Drones as First Responders

Sept. 1, 2023
Several law enforcement agencies have led the way in getting DFR off the ground with the help of Motorola Solutions' CAPE drone software.

When the Chula Vista Police Department in California launched its pioneering Drone as First Responder (DFR) program in 2018, the concept of using drones to proactively respond to emergency calls was relatively unheard of at the time. Just a few months in, it was selected as the only municipal program to be a part of the FAA’s Integration Pilot Program (IPP), designed to help integrate drones into the National Air Space.

This article appeared in the July/August issue of OFFICER MagazineClick Here to subscribe to OFFICER Magazine.

Unlike traditional drone programs, DFR is proactive rather than reactive. Instead of launching a drone after an officer is already on scene, Chula Vista’s program stations drones at permanent locations throughout the city that respond to emergencies as soon as they happen.

In 2016, when Roxana Kennedy was a captain in the department’s patrol division—just months before she was named police chief later that year—a neighboring agency had a use of force incident that involved a subject experiencing a mental health crisis that ended tragically. Community concerns caused her to examine how officers responded to critical incidents and motivated her to discuss with her lieutenants if there was a better way to provide officers with more information. “Officers need more time to make better-informed decisions before going blindly into a situation and being forced to make split-second decisions,” she tells OFFICER Magazine. “Before we started using sUAS, my agency started by sending plainclothes officers in unmarked vehicles to critical incidents before marked patrol units arrived so these officers could feed information to the responding uniformed officers. This concept began our discussion about how drones could be used in patrol operations instead of plainclothes officers.”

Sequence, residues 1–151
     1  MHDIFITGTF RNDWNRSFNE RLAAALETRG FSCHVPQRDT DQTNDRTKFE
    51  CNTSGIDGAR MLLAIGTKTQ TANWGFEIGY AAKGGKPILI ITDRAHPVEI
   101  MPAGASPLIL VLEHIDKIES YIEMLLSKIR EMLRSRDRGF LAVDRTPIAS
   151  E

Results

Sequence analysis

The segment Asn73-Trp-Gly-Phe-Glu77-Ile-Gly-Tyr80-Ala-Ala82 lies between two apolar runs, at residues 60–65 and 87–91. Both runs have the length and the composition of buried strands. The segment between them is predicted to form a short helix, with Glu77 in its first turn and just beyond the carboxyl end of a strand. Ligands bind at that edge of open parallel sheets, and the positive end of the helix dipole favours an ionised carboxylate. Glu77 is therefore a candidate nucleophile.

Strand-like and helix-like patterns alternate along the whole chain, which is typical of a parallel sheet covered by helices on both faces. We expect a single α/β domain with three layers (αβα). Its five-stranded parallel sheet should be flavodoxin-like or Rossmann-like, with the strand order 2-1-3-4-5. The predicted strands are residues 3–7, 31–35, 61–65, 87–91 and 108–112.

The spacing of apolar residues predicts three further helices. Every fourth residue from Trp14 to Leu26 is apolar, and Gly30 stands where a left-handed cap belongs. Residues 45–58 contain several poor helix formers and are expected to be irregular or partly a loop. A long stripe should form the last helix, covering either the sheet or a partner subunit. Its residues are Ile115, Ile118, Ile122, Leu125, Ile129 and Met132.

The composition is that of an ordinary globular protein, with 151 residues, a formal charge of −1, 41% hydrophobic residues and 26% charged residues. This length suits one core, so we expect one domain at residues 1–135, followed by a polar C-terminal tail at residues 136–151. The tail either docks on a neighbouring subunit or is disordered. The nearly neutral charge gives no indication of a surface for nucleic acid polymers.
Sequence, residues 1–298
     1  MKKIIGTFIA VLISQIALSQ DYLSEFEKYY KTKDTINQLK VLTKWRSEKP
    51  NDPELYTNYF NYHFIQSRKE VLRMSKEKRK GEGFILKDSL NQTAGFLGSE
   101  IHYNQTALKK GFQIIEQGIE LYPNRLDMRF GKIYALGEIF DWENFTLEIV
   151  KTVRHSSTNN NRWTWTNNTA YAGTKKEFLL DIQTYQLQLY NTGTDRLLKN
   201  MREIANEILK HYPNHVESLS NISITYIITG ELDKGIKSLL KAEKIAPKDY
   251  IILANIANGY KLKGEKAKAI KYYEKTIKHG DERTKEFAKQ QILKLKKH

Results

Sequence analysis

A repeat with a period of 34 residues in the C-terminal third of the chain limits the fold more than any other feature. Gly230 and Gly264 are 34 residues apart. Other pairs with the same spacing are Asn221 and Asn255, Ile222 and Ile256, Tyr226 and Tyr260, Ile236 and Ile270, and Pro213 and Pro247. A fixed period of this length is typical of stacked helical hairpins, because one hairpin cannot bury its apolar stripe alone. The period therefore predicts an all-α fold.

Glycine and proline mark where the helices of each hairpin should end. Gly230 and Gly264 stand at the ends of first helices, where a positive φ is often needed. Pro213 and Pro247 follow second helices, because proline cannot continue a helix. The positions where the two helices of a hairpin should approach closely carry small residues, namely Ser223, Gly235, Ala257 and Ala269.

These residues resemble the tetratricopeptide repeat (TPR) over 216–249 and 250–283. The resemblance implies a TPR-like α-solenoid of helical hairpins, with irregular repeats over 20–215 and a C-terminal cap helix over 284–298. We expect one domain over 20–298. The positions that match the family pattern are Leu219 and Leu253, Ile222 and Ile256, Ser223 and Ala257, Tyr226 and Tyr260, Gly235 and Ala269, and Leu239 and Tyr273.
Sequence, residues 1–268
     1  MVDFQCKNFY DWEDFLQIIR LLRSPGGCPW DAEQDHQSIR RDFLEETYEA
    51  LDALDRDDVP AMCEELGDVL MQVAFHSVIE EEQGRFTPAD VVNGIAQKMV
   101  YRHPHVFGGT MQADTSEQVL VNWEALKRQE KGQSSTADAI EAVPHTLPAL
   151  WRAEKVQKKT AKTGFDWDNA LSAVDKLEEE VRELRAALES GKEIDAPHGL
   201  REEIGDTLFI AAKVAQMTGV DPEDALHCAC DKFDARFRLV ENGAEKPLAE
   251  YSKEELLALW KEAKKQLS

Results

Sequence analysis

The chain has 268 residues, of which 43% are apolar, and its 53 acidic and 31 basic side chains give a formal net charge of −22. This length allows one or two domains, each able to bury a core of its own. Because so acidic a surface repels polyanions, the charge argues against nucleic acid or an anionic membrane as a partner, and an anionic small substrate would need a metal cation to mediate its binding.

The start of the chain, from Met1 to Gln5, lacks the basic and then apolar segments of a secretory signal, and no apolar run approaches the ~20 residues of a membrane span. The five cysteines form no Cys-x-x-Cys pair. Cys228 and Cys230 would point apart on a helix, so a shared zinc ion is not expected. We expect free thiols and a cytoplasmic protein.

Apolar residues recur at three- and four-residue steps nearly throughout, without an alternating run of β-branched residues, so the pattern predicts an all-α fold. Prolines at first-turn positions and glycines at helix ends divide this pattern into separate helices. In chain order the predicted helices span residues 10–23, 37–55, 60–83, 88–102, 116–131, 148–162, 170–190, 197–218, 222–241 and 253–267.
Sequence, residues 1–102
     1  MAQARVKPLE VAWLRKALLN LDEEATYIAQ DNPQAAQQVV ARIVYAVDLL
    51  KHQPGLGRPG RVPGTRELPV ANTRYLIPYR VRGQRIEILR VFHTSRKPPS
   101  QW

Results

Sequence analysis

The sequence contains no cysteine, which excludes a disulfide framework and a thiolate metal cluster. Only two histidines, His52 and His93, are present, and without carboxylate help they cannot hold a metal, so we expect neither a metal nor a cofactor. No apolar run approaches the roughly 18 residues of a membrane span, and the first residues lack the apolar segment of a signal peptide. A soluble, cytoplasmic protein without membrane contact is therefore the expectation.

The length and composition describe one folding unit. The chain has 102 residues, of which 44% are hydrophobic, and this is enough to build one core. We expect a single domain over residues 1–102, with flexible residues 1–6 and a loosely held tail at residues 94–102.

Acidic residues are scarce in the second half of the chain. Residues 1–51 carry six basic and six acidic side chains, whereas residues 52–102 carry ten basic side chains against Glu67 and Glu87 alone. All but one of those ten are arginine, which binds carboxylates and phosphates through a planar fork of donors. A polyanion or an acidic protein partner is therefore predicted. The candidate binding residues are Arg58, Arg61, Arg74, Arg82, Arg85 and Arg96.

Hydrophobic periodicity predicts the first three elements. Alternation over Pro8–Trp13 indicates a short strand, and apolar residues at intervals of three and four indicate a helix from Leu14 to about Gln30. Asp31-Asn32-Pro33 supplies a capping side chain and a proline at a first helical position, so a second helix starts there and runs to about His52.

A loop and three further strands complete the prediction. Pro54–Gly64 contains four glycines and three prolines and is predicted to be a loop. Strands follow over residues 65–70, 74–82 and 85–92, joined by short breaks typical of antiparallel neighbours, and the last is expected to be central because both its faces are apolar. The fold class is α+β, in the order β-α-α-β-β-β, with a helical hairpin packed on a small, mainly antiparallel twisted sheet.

In 2018, the Chula Vista Police Department began deploying drones from the rooftop of its headquarters to respond to emergency calls for service, including but not limited to 911 calls and other reports of emergency incidents, such as crimes in progress, fires, traffic accidents and reports of dangerous subjects. The DFR Program continued to expand its capabilities with the ultimate goal of providing the ability to respond to any location in the city within minutes. In May 2019, the FAA authorized the Chula Vista Police Department a Beyond Visual Line of Sight (BVLOS) waiver. This allowed the drones to fly up to 3 miles in any direction from the launch site within city limits. Moving from a 1-mile flight radius to 3 miles increased the area of service exponentially.